The original plan crafted last month in secret by House GOP leaders and committee chairmen and Trump administration officials sought to transform Obamacare into a more conservative, market-oriented system with a radically different approach to subsidizing coverage and a major push to roll back expanded Medicaid for the poor.
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Trump and Ryan voiced confidence the plan would roar through the House with major GOP party unity. But the air went out of the balloon after the non-partisan Congressional Budget Office concluded that 24 million Americans would lose their health insurance under the plan over the coming decade.
And Ryan had to pull the plug on a vote March 24 in the face of a rebellion from Freedom Caucus members who complained the plan didn’t go far enough to dismantle Obamacare mandates, and moderates who feared the bill went too far in stripping their constituents of coverage.
MacArthur subsequently forged an alliance with Freedom Caucus leaders, including Reps. Mark Meadows of North Carolina and Jim Jordan of Ohio, to craft an alternative designed to bring more conservatives aboard, even at the cost of alienating many moderates who would be needed to pass any measure without Democratic support.
MacArthur introduced an amendment that would allow states to opt out of certain requirements of the Affordable Care Act, including one that requires insurers to provide ten “essential benefits” in their policies, including maternity care, prescription drugs and mental health treatment. In that way, insurers could save money and lower their premiums and co-payments by offering skimpier plans.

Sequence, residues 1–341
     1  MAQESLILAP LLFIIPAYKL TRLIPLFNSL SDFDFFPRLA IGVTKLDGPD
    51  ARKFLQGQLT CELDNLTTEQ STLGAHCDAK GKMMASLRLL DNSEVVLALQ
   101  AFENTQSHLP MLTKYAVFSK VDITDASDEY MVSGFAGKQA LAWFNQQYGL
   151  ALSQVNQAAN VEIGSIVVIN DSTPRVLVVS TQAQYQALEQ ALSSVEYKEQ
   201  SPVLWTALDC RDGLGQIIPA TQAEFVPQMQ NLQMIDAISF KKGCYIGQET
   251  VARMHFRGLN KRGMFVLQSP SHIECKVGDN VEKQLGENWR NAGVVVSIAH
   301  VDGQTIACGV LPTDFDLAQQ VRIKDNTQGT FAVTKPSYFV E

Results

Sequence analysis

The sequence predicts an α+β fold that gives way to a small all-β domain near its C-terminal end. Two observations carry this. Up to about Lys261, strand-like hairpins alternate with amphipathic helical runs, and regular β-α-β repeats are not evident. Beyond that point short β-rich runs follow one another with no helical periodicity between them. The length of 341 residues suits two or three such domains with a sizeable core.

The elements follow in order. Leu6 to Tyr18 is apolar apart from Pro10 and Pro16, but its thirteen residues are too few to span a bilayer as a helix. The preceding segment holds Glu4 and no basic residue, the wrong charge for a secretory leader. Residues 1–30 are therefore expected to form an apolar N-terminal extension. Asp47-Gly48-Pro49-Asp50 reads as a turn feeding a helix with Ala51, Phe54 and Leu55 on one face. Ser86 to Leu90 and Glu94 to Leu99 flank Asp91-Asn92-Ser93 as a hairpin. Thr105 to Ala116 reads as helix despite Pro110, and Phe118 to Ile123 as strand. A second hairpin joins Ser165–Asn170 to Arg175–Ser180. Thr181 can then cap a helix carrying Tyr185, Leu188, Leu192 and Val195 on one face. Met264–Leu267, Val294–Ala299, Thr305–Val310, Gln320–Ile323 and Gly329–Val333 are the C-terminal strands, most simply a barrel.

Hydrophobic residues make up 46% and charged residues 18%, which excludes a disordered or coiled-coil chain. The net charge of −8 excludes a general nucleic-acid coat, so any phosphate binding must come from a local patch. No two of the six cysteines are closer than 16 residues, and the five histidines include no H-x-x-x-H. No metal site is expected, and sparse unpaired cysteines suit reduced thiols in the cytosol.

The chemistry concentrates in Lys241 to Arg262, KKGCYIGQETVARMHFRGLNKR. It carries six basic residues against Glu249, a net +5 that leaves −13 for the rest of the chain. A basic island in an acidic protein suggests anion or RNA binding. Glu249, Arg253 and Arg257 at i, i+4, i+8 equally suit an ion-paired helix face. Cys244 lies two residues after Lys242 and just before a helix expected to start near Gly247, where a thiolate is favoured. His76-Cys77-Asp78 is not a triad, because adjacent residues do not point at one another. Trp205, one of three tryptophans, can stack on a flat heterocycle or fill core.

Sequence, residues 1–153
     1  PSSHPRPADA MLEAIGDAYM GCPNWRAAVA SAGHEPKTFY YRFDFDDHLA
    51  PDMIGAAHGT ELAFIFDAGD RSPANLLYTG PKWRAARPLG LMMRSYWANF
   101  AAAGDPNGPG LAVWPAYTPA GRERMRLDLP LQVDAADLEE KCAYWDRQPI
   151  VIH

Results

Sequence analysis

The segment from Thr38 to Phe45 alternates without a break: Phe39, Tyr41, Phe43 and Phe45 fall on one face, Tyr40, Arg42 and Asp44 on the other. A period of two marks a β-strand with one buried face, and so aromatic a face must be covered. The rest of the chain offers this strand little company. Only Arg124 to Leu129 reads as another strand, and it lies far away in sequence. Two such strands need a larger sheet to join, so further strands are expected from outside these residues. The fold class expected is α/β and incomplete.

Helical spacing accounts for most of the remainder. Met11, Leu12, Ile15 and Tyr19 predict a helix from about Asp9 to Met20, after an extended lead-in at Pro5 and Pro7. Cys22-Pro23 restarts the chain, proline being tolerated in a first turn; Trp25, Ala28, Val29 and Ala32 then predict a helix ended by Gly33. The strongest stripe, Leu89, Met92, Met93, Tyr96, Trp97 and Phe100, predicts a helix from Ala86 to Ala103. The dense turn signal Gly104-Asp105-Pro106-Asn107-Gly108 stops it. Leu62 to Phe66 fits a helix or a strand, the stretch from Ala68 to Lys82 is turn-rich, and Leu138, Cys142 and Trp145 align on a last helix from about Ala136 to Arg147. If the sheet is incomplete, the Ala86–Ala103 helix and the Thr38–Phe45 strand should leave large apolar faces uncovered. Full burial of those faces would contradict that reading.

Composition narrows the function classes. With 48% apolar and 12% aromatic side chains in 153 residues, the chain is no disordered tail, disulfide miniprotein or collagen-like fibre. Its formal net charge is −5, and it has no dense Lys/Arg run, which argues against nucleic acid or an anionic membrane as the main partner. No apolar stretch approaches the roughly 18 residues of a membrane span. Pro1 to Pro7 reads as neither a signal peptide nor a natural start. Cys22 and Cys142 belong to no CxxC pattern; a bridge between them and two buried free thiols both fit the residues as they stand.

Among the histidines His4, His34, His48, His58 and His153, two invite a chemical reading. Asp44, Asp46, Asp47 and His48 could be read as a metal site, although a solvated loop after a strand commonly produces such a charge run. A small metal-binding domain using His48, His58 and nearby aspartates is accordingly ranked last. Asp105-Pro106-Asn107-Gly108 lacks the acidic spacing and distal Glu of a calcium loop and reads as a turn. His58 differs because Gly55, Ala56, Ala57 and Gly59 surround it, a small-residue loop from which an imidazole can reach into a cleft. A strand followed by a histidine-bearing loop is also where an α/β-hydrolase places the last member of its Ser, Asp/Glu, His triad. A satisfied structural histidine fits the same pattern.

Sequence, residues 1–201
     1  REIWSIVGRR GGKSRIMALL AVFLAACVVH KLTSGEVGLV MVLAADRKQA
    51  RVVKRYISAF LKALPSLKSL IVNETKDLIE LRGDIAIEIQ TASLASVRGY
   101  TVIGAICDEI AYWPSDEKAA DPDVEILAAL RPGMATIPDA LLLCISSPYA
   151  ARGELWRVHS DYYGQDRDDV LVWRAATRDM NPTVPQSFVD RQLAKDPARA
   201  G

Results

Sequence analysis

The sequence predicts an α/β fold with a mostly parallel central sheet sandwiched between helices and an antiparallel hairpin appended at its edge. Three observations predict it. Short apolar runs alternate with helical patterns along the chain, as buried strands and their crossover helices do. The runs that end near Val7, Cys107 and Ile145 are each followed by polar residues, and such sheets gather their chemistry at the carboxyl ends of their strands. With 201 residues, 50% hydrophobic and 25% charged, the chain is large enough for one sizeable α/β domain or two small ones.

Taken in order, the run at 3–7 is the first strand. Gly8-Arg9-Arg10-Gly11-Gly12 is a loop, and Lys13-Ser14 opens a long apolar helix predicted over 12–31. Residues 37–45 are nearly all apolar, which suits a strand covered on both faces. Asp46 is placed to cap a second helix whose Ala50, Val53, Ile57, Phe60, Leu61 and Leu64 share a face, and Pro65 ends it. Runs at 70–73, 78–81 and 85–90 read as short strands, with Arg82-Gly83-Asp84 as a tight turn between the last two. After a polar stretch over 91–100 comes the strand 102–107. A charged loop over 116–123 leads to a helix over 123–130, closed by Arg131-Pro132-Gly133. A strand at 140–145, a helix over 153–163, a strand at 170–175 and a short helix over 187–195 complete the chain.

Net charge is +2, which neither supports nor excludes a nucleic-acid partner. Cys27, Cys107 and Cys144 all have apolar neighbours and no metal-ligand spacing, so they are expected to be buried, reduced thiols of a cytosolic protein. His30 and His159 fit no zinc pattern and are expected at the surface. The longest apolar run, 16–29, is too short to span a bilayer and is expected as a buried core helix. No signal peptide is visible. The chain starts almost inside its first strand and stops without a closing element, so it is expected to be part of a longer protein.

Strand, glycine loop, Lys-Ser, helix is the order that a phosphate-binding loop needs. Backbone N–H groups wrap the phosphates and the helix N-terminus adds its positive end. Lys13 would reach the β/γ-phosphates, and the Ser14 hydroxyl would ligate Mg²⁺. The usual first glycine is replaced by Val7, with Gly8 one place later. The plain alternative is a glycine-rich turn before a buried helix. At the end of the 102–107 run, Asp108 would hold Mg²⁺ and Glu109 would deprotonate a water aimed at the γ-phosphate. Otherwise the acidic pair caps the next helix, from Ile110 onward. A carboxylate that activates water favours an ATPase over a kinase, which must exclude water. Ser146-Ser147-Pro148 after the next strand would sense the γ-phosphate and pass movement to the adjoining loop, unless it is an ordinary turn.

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But another provision proved to be a bridge too far: MacArthur’s amendment would also effectively do away with the Obamacare prohibition on insurers charging higher premiums based on an applicant’s health status
The new GOP proposal would authorize states to seek waivers from the ban on discriminating against consumers with pre-existing medical conditions – the very provision that Trump had promised to protect. States that received the waiver could allow insurers to charge higher premium rates for sick applicants, although only if the consumer had gone without coverage for at least 63 days in the previous 12 months.
Republicans insist that their waiver approach would help bring down premium costs for healthier and younger consumers, and that their amendment also would provide billions of dollars in federal funding to operate “high risk pools” to help subsidize insurance costs for sicker individuals.
Politico reported Thursday that many moderate Republicans are withholding their support for the latest plan out of concern that it would hurt people with preexisting medical conditions. Some are saying that rather than improving the original plan, the MacArthur amendment is putting more Americans at risk of losing their health insurance.
“My concern has always been and what a lot of us talked about: people with pre-existing conditions, the elderly,” Rep. Mario Díaz-Balart (R-FL) told Politico. “How this makes the original bill better? Where is the part that is better for the folks I’m concerned about it? I’m not seeing it at this stage.”
Meadows and other proponents of the latest GOP health care plan say they haven’t given up, and raised the possibility that the House would vote on the measure next week. But House Minority Leader Nancy Pelosi (D-CA) warned that Trump and Republicans in Congress will have “doo-doo stuck to their shoe for a long time” if they pass the revised American Health Care Act.